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The Democratic Strategist

Political Strategy for a Permanent Democratic Majority

Political Strategy Notes

At The American Prospect, Robert Kuttner shares some ideas about “Turning the Debt Ceiling Crisis Against McCarthy’s Republicans: Biden needs to play serious hardball, or he will get rolled.” As Kuttner writes, “Biden could announce that he is not going to play the Republicans’ game and relitigate spending that has already been approved by Congress. The Republicans would contend that this breaching of the legislated debt ceiling is illegal, and appeal it to the high court….Over to you, Court originalists. Does the Court want to be responsible for ordering a default on the U.S. Treasury bonds that anchor the world’s financial markets?…The other way for Biden to play the kind of hardball that the situation demands is to emulate Bill Clinton’s successful evisceration of then-House Speaker Newt Gingrich in 1995. Gingrich was the first Republican leader to play games with shutting down the government….When Clinton refused to agree to budget cuts demanded by Gingrich in November 1995, the Speaker threatened not to authorize an increase in the public debt, and forced a shutdown of the government that lasted five days. A second shutdown, beginning December 16, lasted 21 days….But polls suggested that the public blamed the Republicans. It was Gingrich who blinked first, and the episode was the beginning of the end of his Speakership….The lesson for today: By refusing to play, Biden would signal that if Kevin McCarthy wants to tank the world economy by allowing the U.S. to default on Treasury bonds, that’s on him….McCarthy, given his deal with the far-right Freedom Caucus, would not blink first. But the 20 or so moderate Republicans, who were willing to vote for McCarthy as Speaker and accept his rules package, might well decide that enough is enough. Peeling off a few Republicans to vote for an increase in the debt ceiling without crippling cuts would have the further virtue of moving the House closer to a de facto House governing coalition of Democrats and sane Republicans….Both versions of this strategy have risks. But allowing McCarthy to call the tune, forcing disabling budget cuts and humiliating Biden’s presidency, has even greater risks.”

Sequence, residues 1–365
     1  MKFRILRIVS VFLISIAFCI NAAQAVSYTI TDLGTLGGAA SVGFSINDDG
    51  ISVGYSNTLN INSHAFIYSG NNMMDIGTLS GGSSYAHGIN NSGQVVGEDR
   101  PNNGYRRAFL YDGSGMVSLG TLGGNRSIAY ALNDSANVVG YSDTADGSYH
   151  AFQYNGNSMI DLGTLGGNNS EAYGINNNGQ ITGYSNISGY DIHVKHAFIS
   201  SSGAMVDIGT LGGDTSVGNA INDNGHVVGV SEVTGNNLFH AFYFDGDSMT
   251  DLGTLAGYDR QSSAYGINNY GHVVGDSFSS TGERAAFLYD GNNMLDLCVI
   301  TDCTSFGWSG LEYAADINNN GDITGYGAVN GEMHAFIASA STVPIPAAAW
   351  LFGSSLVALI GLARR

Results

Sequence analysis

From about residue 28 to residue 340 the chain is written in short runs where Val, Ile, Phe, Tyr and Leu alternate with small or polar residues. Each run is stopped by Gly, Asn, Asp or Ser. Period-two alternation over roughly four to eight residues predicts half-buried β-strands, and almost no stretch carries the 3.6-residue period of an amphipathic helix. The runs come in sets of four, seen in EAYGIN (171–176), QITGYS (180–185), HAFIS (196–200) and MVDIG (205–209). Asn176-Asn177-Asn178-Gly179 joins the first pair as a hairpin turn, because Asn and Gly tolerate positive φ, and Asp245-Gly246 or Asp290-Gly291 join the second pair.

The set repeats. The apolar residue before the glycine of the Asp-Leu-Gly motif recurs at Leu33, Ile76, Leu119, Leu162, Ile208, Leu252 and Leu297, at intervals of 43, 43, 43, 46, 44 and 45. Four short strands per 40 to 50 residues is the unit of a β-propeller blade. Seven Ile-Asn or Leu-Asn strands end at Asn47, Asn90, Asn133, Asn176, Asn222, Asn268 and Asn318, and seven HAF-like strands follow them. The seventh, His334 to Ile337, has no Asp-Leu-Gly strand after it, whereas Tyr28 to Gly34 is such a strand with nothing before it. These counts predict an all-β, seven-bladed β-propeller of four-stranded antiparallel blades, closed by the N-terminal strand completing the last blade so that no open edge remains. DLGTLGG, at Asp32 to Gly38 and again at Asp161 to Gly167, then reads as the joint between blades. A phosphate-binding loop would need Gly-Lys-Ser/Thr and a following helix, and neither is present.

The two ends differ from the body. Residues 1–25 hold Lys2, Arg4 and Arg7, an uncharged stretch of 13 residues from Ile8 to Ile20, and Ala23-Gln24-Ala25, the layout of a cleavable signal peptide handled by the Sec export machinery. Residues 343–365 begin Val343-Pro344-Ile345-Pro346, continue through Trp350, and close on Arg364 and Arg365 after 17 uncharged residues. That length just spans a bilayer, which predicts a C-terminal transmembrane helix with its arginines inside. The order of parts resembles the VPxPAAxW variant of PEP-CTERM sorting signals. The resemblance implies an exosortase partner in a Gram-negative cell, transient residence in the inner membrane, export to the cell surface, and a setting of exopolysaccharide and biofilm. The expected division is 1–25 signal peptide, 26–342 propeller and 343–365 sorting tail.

In a Facebook post, Drew Westen, author of “The Political Brain” and founder of Westen Strategies LLC and co-founder of Implicit Strategies, says what he really thinks about Attorney General Merrick Garland’s law enforcement regarding the January 6th coup attempt/riot in the U.S. capitol. An excerpt: “His behavior is never explicable in terms of political or legal reasoning, although he couches it that way and believes his own rationalizations….I wrote about this personality style and why it can be so dangerous in Democratic politics 15 years ago in The Political Brain, years before Garland began obsessively collecting affidavits as the seditionists collected AR 15s….Appeasement in the face of real threat is psychologically motivated complicity, driven by cowardice, whether conscious or unconscious. Appeasement only emboldens a bully or a psychopath, who understands it to be a sign of fear, not virtue. Somehow, two new democracies, Peru and Brazil, knew what to do in the face of sedition. They rounded up the seditionists, including those in high places, and put them where they were no longer dangerous, in prison. In so doing, they not only followed the law but shaped public opinion and frightened co-conspirators and would-be accomplices after the fact, so that the vast majority of Brazilians today, for example, believe one narrative, the truth, that the attack on their institutions was an attack on their democracy that cannot be tolerated. Like other obsessional personalities, Garland is a concrete thinker, who cannot understand meta-messages, particularly meta-messages that send emotional signals. He does not understand how light or no sentences for seditionists after waiting months or years to act sent the signal that sedition was not a serious crime, and that allowing them to create an alternative narrative for two years was not only going to split the country in two but would put the seditionists in charge of a House of Congress that would then investigate the DOJ’s investigation of them. Had he been appointed to the Supreme Court, he would no doubt have been the swing vote with the conservatives half the time out of a false sense of “fairness.” Fairness to fascism is no virtue. #NoBallsNoBrains.”